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  • Writer's pictureAaron Fonseca

Indiana Jones and the Dial of Destiny review: Disney whips up a lively adventure

This one was hard to judge! As many know I'm a Indiana Jones Super fan always have been...but I was honest........It's not the years, it's the mileage… and in Indiana Jones and the Dial of Destiny, out June 30, the titular hero racks up plenty of thrilling miles in what is supposedly his farewell to the big screen.

We open on a younger Indy (a de-aged Harrison Ford in the best use of the often questionable technology to date) running for his life amidst the death throes of the Third Reich. Infiltrating a Nazi treasure trove, he and fellow academic/archaeologist Basil Shaw (Toby Jones) attempt to recover priceless historical artifacts from the retreating Nazis. On board a train, Indy encounters Jürgen Voller (Mads Mikkelsen), a Nazi mathematician intent on locating the Dial of Destiny, more formally known as Archimedes' antikythera, a cosmological device with potentially world-altering powers.



Flash forward to 1969 and the celebration of the moon landing in New York City. Indiana Jones is living alone. He mourns his son Mutt, who died in combat in the Vietnam War (an expedient end to the problematic specter of what to do about Shia LaBeouf's existence within the franchise); he's separated from Marion (Karen Allen); and he's now preparing to retire from Hunter College where he's been a professor for over a decade.

His lonely life is interrupted by the arrival of Helena Shaw (Phoebe Waller-Bridge), his goddaughter, who is on the hunt for the antikythera with questionable motives. Helena's appearance and bid for the dial thrusts Indy into a new adventure where he must once again face off against Voller, who now goes by the name of Professor Schmitt, and stop his quest to return the Nazi regime to power.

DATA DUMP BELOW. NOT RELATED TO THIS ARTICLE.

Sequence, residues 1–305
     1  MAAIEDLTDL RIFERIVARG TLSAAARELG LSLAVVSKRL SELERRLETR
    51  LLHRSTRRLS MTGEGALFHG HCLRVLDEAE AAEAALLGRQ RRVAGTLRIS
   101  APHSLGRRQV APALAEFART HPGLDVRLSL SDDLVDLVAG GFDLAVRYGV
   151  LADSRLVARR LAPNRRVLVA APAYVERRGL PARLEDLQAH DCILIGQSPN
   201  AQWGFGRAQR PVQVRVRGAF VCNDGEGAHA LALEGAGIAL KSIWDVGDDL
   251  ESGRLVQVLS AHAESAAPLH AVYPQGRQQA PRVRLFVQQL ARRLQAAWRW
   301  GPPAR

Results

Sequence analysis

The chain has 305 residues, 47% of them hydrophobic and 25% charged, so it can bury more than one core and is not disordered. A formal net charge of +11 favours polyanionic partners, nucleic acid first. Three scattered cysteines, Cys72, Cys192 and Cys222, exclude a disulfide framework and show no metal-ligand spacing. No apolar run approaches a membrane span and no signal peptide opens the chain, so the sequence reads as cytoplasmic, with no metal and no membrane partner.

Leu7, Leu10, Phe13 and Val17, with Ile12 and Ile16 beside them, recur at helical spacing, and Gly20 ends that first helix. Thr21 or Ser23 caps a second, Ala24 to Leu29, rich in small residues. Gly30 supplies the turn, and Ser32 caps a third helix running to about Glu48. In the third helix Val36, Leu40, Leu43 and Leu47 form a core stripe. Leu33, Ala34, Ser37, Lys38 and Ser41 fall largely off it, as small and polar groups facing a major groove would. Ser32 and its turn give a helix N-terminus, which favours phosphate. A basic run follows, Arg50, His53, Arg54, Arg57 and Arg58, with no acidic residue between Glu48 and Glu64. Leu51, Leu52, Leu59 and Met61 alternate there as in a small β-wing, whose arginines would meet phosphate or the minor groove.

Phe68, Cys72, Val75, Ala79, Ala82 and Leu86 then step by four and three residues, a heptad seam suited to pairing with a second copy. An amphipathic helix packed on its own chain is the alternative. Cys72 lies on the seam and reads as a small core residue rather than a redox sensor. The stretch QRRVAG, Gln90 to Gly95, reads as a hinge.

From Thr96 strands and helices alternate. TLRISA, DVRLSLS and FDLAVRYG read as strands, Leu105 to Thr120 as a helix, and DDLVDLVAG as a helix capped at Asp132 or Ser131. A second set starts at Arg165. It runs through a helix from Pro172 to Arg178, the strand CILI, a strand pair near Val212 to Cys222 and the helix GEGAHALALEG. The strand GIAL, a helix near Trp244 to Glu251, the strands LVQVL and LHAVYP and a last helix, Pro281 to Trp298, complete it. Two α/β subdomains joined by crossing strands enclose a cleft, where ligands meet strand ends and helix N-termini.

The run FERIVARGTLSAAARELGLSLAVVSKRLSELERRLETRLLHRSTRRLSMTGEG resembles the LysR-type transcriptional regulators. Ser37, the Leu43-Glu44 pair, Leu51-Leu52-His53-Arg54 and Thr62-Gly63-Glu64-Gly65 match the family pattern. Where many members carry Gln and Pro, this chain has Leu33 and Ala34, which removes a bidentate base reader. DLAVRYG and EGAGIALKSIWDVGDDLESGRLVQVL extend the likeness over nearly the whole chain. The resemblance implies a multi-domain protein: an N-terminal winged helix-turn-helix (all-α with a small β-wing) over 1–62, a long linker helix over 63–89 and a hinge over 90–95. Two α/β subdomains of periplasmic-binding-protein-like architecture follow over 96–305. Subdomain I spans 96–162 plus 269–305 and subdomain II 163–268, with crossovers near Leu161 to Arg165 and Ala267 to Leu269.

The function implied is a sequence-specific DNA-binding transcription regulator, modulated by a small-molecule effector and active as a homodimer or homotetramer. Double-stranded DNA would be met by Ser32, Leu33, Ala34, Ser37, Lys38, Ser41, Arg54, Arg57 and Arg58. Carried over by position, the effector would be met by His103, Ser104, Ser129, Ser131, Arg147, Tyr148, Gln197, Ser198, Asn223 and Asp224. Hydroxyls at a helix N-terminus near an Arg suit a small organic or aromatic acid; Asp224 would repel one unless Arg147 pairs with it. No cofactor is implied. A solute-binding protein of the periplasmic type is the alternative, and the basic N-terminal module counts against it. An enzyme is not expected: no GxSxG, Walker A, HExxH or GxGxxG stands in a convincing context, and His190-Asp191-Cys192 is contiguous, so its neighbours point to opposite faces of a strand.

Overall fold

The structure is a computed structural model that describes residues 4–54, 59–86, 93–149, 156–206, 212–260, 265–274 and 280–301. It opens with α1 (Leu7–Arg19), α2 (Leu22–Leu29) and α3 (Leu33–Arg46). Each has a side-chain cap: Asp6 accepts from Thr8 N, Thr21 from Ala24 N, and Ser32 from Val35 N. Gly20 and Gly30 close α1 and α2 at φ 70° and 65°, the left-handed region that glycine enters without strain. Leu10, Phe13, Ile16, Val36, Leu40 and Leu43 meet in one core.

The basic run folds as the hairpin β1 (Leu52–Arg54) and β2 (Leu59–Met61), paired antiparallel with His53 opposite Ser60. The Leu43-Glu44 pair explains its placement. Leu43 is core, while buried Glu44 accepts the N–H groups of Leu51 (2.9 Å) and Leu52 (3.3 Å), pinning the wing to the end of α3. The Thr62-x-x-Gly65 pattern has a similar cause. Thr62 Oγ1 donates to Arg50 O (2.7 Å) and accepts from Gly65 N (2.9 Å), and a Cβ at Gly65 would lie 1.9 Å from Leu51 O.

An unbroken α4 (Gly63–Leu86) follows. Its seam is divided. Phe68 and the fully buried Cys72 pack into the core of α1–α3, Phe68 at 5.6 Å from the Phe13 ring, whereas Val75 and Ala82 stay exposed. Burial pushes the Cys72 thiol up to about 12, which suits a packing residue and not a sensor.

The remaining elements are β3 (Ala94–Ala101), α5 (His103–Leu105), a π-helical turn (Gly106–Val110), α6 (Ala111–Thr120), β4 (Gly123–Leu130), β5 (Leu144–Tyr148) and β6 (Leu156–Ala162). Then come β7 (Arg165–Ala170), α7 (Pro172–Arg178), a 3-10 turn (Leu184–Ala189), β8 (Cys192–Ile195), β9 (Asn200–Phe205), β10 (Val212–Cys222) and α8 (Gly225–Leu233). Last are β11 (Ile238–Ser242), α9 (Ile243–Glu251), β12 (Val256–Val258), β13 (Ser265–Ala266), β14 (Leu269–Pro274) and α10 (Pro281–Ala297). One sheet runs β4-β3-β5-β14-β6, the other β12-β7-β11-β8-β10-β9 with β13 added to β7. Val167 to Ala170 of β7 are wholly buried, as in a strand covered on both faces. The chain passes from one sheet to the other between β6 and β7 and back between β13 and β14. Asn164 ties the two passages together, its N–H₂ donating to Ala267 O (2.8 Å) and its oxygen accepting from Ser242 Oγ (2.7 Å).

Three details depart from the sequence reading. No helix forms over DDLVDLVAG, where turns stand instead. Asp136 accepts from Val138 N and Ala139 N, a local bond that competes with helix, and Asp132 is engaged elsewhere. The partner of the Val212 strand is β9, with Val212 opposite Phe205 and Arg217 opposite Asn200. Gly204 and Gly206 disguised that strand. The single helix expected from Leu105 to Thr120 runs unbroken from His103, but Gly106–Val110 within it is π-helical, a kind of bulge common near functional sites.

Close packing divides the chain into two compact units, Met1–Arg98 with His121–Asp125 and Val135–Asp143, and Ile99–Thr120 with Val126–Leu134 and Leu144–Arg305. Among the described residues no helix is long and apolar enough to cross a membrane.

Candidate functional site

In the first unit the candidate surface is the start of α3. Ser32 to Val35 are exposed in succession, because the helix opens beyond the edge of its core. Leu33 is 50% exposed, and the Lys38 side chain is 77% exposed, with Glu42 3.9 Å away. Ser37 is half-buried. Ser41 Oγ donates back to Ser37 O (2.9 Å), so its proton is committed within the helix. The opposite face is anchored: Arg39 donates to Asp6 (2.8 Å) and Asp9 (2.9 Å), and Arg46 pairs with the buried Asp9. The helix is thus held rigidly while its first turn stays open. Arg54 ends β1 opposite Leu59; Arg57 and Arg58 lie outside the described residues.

Ford returns as Indy, but he's not merely a guy with a cool hat and a bullwhip with a few more lines on his face. Just as James Mangold did for Hugh Jackman's Wolverine in Logan, he presents an Indiana Jones weathered by life — a man who has spent decades chasing down ancient artifacts and fighting Nazis.



Indiana Jones has always been a world-weary guy, cynical and full of wise cracks in the face of danger, but here, he feels like he's finally earned it. Ford's soulful, craggy face is the cipher for the lifetime of adventure, physical pain, and loss that Indy has endured. There's humor in that, as when Indy lists off some of the more ridiculous things he has done while scaling a wall with Helena. But there's sadness too, in the friends he's lost and the tragedy he has faced.

Ford has always lent Indy a humanity and depth that is too often ignored in favor of celebrating his capacity for dry one-liners and his rugged good looks (both well-deserving of the praise they've received). Here, he gets to unleash the emotional side of Indy, his reverence for history and love for those he holds dear visibly weighing him down. In 1969, as humanity looks to the future, Indiana Jones, a man dedicated to protecting the past, is a man out of place in his own time. Ford's curmudgeonly restraint barely conceals the open wounds of his losses.

Dial of Destiny is often best in its moments of quiet resonance, but it doesn't leave enough breathing room to maximize the impact of Ford's performance. Instead, the film volleys from one action sequence to the next, whether it be a dangerous dive into deep ocean waters, a horse race through New York City streets and subways(!), or a perilous car chase through Tangiers. Mangold crafts these scenes with precision, building them to a fever pitch and then throttling the accelerator when it seems the scene has peaked. This makes the pacing wonky, and more scenes of introspective Indy would have been welcome in exchange for shaving a few minutes off the nonstop danger. But that doesn't make the sequences any less exciting or nerve-wracking, generating an old-school adventure energy reminiscent of the original trilogy.

Unlike the monkey swinging or the infamous nuclear explosion refrigerator nonsense of Crystal Skull, the action here also feels utterly believable. The physical toll it takes on an older Indy is palpable, the stakes higher because of the acknowledgement of his mortality. At his best, Indiana Jones has always been a hero that feels utterly human. Maybe a little smarter than the rest of us, but no less earthbound. In Raiders of the Lost Ark, when he takes a punch to the jaw, we feel it — and Dial remembers that Indy's greatest asset is his conspicuous humanity in the face of peril.